It has to be stressed that, in contrast to the thighs, no diet-associated changes (either in the case of butyrate addition or dietary CP levels) could be detected in the chemical composition of the pectoral muscle. This finding might be connected to different muscle fiber composition and metabolic properties of various muscles and suggests a great stability of breast meat composition.

Based on our results, it can be concluded that the development and production of breast meat can be effectively stimulated by the dietary CP content and butyrate supplementation, but its chemical composition remains unchanged at the same time. The application of unprotected or protected butyrate as feed additives and decreased dietary CP levels with concomitant essential amino acid supplementation seem to be nutritional tools to increase carcass yield and to alter the meat composition of broilers.

Data availability

The original data of the paper are available upon request from the corresponding author.

Author contributions

GM, BB, ZsN and HF designed the study; GM, JP, AK, ZsN and HF carried out the animal trial and the samplings. Measurements and chemical analyses were conducted by HF. The statistical and scientific evaluation of data was processed by AK, GM, HB, ZsN and HF. The paper was prepared by GM with contributions from all coauthors.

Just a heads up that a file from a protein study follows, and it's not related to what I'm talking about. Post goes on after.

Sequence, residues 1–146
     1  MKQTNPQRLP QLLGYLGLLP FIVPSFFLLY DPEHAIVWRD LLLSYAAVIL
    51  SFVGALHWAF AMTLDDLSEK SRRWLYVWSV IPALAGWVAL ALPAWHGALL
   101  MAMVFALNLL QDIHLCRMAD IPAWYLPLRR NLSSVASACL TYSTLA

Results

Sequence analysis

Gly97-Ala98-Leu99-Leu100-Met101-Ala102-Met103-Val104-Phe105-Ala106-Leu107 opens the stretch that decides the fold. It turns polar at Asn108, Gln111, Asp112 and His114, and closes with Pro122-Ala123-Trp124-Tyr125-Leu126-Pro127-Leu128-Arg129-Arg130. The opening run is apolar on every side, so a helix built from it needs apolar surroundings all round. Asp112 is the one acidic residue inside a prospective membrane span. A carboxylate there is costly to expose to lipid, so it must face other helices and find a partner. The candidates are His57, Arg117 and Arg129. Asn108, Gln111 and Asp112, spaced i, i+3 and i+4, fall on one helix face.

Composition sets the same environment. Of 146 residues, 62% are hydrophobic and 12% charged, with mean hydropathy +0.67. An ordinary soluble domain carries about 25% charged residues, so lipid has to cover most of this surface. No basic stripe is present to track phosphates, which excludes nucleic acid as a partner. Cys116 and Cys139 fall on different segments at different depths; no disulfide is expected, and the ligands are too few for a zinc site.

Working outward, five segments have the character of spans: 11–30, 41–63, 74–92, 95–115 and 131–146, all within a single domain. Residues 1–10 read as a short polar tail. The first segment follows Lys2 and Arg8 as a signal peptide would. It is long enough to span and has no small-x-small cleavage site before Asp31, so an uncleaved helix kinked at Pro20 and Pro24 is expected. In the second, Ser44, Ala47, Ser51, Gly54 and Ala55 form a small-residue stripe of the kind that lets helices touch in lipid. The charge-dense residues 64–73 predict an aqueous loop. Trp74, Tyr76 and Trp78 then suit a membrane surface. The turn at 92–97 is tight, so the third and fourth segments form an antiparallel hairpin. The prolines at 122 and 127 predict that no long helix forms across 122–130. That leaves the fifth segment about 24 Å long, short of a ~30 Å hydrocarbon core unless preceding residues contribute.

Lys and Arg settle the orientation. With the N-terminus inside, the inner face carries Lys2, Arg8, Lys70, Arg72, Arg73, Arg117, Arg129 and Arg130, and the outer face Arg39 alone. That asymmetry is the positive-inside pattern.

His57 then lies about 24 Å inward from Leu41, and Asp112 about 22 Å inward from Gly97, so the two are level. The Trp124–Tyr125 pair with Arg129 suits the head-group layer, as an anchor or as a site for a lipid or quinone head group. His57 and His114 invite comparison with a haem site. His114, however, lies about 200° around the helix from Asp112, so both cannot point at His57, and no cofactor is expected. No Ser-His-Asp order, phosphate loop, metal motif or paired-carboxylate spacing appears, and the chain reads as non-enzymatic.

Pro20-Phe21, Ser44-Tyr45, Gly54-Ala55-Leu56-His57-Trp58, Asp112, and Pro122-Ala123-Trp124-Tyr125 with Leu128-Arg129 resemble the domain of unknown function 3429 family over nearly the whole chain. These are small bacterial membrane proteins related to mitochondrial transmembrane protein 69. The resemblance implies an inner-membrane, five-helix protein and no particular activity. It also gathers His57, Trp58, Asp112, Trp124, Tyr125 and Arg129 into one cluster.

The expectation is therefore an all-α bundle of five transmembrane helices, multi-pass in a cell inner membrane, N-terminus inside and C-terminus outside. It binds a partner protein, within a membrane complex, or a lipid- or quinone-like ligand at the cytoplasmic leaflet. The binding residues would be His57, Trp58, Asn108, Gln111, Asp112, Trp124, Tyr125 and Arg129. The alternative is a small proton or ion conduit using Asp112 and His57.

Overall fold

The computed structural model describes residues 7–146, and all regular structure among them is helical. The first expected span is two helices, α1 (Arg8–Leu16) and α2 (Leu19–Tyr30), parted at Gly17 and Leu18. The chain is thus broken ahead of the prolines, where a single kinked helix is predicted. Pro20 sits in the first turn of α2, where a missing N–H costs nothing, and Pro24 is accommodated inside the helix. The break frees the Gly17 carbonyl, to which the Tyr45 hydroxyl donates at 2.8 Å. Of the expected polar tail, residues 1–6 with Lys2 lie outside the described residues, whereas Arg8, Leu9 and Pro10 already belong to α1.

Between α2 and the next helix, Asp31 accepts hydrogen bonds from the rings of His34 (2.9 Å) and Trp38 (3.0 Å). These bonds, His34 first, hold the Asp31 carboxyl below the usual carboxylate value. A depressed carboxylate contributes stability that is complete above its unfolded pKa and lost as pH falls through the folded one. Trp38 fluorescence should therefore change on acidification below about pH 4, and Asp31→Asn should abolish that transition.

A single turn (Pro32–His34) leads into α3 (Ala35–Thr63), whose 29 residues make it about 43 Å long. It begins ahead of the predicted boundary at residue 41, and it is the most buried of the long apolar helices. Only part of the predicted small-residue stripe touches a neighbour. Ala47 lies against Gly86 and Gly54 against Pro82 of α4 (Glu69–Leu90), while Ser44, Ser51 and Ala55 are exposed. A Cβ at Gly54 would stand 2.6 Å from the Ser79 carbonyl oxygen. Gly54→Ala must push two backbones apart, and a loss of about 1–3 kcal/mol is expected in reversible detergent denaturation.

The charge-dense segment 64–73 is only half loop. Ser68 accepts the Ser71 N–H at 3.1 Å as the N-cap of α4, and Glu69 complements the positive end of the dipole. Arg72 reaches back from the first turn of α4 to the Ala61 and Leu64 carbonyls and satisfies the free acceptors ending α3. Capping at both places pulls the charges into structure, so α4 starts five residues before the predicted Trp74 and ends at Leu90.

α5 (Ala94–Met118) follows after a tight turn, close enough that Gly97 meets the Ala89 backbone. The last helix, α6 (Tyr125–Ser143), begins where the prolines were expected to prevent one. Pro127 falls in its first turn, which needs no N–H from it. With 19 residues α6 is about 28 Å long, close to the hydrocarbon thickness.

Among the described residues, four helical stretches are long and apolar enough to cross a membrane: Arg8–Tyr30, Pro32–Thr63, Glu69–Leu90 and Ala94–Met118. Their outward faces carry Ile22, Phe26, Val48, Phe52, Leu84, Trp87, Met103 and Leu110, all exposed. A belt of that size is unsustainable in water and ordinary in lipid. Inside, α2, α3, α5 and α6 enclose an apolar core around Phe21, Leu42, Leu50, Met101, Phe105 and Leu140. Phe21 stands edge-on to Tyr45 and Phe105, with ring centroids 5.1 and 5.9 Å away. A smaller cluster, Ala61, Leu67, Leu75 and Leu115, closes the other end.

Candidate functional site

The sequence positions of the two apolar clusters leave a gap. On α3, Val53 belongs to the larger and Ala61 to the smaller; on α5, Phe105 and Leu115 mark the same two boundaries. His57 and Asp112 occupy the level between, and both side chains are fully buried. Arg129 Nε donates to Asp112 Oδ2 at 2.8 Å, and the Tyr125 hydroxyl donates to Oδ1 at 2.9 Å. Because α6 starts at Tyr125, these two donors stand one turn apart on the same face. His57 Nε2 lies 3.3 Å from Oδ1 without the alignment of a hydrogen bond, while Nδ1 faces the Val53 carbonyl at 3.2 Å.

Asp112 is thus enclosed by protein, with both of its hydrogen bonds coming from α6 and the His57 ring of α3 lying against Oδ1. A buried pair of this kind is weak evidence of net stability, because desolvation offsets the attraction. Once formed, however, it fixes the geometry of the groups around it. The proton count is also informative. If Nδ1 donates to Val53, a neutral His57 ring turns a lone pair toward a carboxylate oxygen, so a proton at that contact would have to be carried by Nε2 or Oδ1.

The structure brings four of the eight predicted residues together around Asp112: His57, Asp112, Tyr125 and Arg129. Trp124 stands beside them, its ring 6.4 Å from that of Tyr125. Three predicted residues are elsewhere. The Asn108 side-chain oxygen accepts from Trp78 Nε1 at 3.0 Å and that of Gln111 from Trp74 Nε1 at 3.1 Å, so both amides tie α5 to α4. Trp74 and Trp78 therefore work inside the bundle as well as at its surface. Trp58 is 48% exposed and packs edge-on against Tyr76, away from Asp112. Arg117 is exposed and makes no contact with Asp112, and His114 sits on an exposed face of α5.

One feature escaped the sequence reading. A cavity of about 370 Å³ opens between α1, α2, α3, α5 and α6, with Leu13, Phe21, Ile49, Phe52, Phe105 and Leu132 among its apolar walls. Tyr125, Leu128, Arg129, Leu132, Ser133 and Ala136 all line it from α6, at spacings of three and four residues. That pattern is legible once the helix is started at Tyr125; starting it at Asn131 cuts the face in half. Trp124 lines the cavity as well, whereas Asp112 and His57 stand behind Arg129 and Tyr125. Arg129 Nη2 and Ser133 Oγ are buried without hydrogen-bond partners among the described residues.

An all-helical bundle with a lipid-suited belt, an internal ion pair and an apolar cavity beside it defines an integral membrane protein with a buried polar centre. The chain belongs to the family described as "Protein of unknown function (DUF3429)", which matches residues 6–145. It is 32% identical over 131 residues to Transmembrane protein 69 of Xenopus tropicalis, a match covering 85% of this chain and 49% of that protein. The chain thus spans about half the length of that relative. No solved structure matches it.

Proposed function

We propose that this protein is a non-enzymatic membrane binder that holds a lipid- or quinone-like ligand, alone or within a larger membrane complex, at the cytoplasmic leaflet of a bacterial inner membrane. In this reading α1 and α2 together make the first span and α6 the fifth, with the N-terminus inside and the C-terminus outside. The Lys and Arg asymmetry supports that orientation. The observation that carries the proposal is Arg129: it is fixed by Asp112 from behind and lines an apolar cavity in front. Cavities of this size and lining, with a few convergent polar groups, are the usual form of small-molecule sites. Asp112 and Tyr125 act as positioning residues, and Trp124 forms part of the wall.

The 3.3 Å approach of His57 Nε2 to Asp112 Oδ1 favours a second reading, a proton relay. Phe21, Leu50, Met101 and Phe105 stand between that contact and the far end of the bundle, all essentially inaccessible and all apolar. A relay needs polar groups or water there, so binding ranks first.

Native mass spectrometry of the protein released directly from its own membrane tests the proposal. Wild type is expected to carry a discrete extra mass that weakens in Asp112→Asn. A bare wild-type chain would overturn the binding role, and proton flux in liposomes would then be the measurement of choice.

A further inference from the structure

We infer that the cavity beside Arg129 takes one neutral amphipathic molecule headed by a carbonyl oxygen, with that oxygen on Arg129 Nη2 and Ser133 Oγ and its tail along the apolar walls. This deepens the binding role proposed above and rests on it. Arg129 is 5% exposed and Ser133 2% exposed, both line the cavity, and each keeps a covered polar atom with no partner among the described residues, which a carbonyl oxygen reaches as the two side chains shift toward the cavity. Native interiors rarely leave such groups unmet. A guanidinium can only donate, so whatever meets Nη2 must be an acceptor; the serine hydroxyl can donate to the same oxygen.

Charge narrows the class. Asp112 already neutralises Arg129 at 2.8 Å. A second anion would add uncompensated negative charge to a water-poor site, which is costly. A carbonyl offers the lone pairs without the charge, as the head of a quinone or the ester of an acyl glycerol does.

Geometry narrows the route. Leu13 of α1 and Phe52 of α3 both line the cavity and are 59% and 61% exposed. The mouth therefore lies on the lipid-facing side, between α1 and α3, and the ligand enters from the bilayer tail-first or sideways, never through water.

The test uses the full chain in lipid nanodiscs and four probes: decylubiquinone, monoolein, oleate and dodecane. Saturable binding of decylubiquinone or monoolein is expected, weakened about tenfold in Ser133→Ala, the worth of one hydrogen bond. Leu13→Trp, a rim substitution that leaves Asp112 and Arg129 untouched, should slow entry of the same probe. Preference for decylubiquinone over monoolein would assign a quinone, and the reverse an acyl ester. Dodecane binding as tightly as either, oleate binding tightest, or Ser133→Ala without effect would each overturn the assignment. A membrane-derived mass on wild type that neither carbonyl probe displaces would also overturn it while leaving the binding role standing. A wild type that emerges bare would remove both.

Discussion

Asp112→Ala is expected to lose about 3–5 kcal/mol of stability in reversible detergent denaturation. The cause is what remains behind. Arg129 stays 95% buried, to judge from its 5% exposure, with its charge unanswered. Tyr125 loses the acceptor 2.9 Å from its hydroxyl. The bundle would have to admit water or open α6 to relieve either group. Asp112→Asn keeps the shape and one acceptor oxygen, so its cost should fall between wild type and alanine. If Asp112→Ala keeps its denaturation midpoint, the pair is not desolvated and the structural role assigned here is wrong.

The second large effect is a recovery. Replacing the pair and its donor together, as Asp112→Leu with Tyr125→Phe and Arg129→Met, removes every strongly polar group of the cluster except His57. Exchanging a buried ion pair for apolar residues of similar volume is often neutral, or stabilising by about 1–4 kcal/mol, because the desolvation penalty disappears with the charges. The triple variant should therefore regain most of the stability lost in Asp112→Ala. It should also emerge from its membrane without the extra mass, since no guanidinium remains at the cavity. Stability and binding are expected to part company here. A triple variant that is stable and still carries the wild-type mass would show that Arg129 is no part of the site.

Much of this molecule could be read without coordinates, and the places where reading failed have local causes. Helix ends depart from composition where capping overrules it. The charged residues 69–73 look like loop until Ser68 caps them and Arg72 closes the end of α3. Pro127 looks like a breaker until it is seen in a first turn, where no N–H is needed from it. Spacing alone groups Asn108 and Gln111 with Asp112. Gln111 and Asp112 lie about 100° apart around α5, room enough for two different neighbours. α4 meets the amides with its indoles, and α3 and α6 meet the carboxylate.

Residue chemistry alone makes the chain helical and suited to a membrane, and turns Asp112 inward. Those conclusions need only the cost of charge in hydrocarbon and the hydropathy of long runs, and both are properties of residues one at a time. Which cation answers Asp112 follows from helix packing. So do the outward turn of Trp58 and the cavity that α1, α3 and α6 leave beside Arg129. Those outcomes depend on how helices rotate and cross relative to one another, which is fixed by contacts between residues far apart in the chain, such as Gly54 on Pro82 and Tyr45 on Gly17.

Competing interests

The authors declare that they have no conflict of interest.


The authors gratefully acknowledge the excellent assistance of Dániel Balogh, Márton Bardóczy, Sebestyén Bechtold, Enikő Bíró, Máté Mackei and Adrienn Tóth (University of Veterinary Medicine, Budapest). Special thanks are due to Ferenc Mátis for editing the figures.

Financial support

This research has been supported by the Hungarian Scientific Research Fund (OTKA grant no. 114033) and the Hungarian Ministry of Human Resources (New National Excellence Program grant).

Review statement

This paper was edited by Manfred Mielenz and reviewed by Sabine Klein and one anonymous referee.


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Short summary
The carcass weight and the breast meat production of broiler chickens could be effectively stimulated by dietary factors, such as by reducing dietary crude protein content with essential amino acid supplementation and by applying butyrate as a feed additive. These nutritional strategies seem to be the proper tools to increase carcass yield and to improve meat quality of broilers, contributing to more efficient and healthy poultry meat production.